ii) If so whether in the facts and circumstances of the case, the reimbursement of medical treatment taken by the assessee, who was a member of the Legislative Assembly for open heart surgery conducted abroad is taxable as perquisite under Section 17 (2) (iv) of the Income Tax Act, 1961?

It would, suffice to say, that in view of what has been noticed in para 9 of the judgment of learned CIT, it cannot be said, that these two questions, at all arise; When it was clearly conceded by the department before the CIT, that Sec. 17 is not attracted, and that, the remuneration received by the MLA is not taxable under the head “income form salary”, but then is, taxable under the head “income from other sources”. Obviously, this question cannot be said to have arisen. This is one of the aspects of the matter. The other aspect of the matter is, that even if it were to be considered, that the concession on the point of law, could not be binding, we have examined the provisions of Sec. 15 and 17 afresh, and find, that the remuneration received by the MLA, can possibly not be taxed under the head “income from salary”. For ready reference, we may quote the provisions of Sec. 15, which reads as under :-

15. The following income shall be chargeable to income tax under the head “salaries”-

(a) any salary due from an employer or a former employer to an assessee in the previous year, whether paid or not:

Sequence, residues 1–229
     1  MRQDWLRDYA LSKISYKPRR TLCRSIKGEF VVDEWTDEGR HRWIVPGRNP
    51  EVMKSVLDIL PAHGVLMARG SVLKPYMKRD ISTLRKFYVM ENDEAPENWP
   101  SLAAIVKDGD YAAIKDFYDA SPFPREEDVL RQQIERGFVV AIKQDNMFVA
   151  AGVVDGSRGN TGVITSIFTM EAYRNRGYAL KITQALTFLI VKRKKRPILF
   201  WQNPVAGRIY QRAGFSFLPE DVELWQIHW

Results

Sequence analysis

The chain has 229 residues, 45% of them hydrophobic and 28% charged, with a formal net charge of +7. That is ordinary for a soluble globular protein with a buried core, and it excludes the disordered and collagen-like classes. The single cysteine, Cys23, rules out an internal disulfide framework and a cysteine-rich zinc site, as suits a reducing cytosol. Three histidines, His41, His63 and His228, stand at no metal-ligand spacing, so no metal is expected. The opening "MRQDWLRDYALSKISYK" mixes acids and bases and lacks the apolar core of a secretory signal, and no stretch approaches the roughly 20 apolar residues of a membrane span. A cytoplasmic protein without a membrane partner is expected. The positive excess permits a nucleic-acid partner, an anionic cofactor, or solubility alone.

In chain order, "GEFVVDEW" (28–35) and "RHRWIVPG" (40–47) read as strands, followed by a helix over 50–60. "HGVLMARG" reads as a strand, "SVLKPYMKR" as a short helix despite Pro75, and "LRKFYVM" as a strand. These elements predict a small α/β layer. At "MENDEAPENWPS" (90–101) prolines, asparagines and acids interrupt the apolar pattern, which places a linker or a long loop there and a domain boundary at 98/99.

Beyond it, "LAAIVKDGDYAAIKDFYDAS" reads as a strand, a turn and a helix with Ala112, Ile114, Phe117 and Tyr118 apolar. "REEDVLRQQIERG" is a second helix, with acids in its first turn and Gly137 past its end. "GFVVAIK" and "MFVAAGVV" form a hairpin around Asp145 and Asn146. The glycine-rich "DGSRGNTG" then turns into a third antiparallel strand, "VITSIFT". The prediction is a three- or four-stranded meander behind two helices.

(b) any salary paid or allowed to him in the previous year by or on behalf of an employer or a former employer though not due or before it became due to him:

(c) any arrears of salary paid or allowed to him in the previous year by or on behalf of an employer or a former employer, if not charged to income tax for any earlier previous years.

Explanation 1…………. Explanation 2………….

Thus, from reading of this section it is clear, that fundamental requirement, for attracting this section is that, there should be relationship of employer and employee, whether in existence, or in the past. Obviously, and inherently, in the very nature of things, for bringing about such relation ship, the assessee, being the person concerned, should have been employed by the employer, and as a necessary corollary, the employer should have right to discharge or terminate the employee. This basic ingredient is missing in the case of MLAs and MPs, as they are not employed by anybody, rather, they are elected by the public, forming their election constituencies, and it is consequent upon such election, that they acquire constitutional position, and discharge constitutional functions and obligations. May be, that they receive remunerations after swearing in, but then, it cannot be said to be salary, within the meaning of Sec. 15, and therefore, the department had rightly taken the stand, that the remuneration, received by the MLA or MP, cannot be taxed, under the head “income form salary”, but can be taxed under the head, “income from other sources”.

That being the position, when the provisions of Sec. 15 are not attracted to the remuneration received by the assessee, obviously, Sec. 17 cannot be attracted, as Sec. 17 only extends the definition of ‘salary’, by providing certain item mentioned therein, to be included in salary.

The net result, of the aforesaid discussion is, that, in our view, the two questions, as framed do not arise, and at the same time, the impugned order does not suffer from any error of law, requiring interference, by this court, in appeal.

The appeal thus has no force, and is hereby dismissed.